### Title

Greater than or equal to in a case statement

### Post

Im using a case statement to set the value of a varable. I have 5 weight breaks i need it to check for a true statement.

This is an example of one of them: If the weightfromquote = 5643 then set the varable to the filed that is greater than or equal to 5000 and less than or equal to 9999.

This is my expression:

Set varable [$setweightmultiplier;value:

Case ( Rate Calculation::Weightfromquote *_> 5000 and *_< 9999 ; Rate Calculation::Base_Rate_5000)

*I don't know how to get my keyboard to de greaterthan or equal to sooo.. i used _>...

This expression does not work.

I tried

Case let ([~num = (RateCalculation::Weightfromquote)]; ~num _> 5000 and ~num 9999) ; Rate Calculation::Base_Rate_5000;

It will recognize the greater than or equal to phrase but not the case of setting the $getweightmultiplier to the Rate Calculation::Base_Rate_5000

What am i doing worng?

First, some basic syntax. If you want to use a single expression to see if a value is within a range, write it like this:

Rate Calculation::Weightfromquote > 5000 and Rate Calculation::Weightfromquote < 9999

Note that you refer to the date field twice, once for each inequality. (I used underline formatting to get the right look. It won't copy and paste accurately into fileMaker.)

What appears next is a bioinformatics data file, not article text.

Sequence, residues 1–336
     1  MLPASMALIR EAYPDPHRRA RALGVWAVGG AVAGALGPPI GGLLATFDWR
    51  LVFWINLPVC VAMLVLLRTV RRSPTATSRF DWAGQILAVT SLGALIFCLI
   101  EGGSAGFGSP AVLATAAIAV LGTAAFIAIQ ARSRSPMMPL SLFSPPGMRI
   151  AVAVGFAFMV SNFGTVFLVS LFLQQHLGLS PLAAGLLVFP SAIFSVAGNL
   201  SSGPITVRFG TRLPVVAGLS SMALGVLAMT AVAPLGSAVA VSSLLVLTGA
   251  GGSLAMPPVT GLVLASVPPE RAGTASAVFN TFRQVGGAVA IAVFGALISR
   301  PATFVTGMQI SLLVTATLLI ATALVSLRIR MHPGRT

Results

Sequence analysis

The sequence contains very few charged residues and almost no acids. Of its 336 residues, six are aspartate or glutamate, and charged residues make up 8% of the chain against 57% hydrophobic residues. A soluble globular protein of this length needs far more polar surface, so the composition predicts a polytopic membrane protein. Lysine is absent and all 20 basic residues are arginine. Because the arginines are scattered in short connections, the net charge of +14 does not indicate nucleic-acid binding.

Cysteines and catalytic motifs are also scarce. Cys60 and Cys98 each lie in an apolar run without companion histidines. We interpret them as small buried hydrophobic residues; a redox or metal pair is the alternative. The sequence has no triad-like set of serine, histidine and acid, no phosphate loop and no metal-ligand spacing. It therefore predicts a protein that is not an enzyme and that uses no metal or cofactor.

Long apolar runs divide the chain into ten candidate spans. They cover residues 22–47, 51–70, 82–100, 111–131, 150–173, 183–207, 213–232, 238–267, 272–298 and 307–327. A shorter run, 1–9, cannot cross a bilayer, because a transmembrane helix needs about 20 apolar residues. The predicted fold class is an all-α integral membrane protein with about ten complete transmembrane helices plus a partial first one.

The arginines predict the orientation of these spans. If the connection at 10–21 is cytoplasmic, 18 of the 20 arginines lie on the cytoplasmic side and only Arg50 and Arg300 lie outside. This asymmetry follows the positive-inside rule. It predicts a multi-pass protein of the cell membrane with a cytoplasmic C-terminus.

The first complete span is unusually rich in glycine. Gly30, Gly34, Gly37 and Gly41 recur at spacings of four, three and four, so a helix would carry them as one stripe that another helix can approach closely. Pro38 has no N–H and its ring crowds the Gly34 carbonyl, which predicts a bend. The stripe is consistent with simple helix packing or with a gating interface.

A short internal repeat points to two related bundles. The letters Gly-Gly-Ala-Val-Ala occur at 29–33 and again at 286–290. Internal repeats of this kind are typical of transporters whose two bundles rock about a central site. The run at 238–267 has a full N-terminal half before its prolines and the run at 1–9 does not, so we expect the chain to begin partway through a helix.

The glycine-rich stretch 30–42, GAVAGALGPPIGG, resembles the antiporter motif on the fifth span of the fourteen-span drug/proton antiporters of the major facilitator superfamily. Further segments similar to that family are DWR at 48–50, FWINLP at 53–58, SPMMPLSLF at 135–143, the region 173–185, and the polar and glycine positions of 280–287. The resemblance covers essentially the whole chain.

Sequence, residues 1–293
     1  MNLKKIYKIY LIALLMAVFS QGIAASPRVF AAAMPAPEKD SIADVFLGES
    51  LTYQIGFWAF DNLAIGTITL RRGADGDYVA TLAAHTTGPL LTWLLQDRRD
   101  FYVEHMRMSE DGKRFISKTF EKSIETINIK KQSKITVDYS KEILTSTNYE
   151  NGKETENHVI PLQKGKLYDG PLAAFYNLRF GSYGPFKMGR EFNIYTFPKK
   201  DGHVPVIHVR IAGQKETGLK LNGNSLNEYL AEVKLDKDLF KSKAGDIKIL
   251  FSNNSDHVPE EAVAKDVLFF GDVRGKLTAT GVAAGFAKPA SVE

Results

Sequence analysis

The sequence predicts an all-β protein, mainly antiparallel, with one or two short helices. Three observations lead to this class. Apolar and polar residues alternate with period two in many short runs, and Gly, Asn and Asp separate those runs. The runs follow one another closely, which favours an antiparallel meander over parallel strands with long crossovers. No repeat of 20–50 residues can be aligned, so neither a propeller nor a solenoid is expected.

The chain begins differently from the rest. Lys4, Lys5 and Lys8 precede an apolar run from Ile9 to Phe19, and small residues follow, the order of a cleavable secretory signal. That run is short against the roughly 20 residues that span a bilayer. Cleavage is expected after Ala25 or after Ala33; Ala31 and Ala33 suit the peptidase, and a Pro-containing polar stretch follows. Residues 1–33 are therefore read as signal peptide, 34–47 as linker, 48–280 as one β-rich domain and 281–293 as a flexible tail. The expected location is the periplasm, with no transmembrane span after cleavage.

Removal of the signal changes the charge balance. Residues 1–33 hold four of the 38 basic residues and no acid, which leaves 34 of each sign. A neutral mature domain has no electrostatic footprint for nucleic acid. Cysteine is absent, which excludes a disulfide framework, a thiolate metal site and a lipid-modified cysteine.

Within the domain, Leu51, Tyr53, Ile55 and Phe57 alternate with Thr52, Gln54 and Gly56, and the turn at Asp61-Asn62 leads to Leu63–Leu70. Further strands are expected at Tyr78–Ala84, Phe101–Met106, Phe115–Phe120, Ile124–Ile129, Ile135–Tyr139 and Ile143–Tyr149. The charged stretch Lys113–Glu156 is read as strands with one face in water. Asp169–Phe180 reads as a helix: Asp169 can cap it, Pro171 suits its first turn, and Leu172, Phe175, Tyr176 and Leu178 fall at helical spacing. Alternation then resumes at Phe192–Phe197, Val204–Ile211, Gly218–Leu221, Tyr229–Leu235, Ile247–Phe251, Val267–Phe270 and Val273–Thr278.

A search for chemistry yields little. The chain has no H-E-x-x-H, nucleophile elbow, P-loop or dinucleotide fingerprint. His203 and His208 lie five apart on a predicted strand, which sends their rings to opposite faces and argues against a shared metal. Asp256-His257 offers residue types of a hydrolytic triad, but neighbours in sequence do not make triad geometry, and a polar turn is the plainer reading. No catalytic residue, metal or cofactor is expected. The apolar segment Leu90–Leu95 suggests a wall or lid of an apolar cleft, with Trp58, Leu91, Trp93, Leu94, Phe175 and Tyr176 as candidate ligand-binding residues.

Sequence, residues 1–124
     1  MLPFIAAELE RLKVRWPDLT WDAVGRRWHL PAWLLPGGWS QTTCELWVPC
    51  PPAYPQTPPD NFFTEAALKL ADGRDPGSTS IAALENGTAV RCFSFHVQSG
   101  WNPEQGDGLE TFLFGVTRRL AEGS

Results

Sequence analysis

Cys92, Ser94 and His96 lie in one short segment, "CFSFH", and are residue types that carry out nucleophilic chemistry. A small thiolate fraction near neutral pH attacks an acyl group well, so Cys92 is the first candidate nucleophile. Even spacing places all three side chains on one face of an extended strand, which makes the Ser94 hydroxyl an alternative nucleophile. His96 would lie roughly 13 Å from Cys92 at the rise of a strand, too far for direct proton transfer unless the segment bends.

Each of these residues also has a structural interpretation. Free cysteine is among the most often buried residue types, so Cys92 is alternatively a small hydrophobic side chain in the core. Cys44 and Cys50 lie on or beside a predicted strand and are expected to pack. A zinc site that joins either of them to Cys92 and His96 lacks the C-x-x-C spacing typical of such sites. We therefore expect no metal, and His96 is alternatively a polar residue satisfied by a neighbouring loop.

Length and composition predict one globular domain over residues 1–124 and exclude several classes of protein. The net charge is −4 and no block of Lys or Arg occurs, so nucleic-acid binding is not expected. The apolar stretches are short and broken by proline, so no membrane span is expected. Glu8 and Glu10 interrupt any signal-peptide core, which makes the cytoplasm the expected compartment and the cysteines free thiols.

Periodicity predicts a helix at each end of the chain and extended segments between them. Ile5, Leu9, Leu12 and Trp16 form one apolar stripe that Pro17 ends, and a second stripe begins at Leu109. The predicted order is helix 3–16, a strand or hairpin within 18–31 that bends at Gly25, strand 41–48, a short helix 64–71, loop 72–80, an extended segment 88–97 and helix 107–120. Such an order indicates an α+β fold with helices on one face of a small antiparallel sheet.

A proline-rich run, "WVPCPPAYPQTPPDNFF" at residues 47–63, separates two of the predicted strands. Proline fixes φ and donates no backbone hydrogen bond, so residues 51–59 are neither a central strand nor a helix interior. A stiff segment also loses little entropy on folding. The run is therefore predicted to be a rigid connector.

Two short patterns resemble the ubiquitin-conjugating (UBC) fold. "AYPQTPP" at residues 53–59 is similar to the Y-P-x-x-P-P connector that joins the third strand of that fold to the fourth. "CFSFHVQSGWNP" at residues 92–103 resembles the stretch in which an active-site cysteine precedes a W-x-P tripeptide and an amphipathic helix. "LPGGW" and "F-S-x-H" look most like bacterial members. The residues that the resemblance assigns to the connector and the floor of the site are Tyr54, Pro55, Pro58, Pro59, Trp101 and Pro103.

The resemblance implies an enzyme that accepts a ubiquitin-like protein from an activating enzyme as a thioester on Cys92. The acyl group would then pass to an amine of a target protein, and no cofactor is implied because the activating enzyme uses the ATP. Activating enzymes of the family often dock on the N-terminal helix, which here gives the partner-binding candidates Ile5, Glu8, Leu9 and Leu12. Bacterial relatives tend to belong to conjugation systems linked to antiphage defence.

But since you have a series of values and a case function, you don't actually need to use two sets of inequalities like this. A case function returns the value paired with the first expression that evaluates as true, you can set up a series of increasing or decreasing values to test for:

Let ( w = Rate Calculation::Weightfromquote ;

Case ( w < 1000 ; /* Rate for weight less than or equal to 1000 here */ ;

w < 2000 ; /* Rate for weight more than 1000 and less than or equal to 2000 here */ ;

w < 3000 ; /* Rate for weight more than 300 and less than or equal to 3000 here */ ;

and so forth...

) // close the case function

) // close the let function

Even this approach isn't necessarily ideal. You can also set up a table look up that looks up these rates from a related table. Such a table of rates can be easily modifiied and the changes would only affect data in new records, so you can change rates without altering historical data.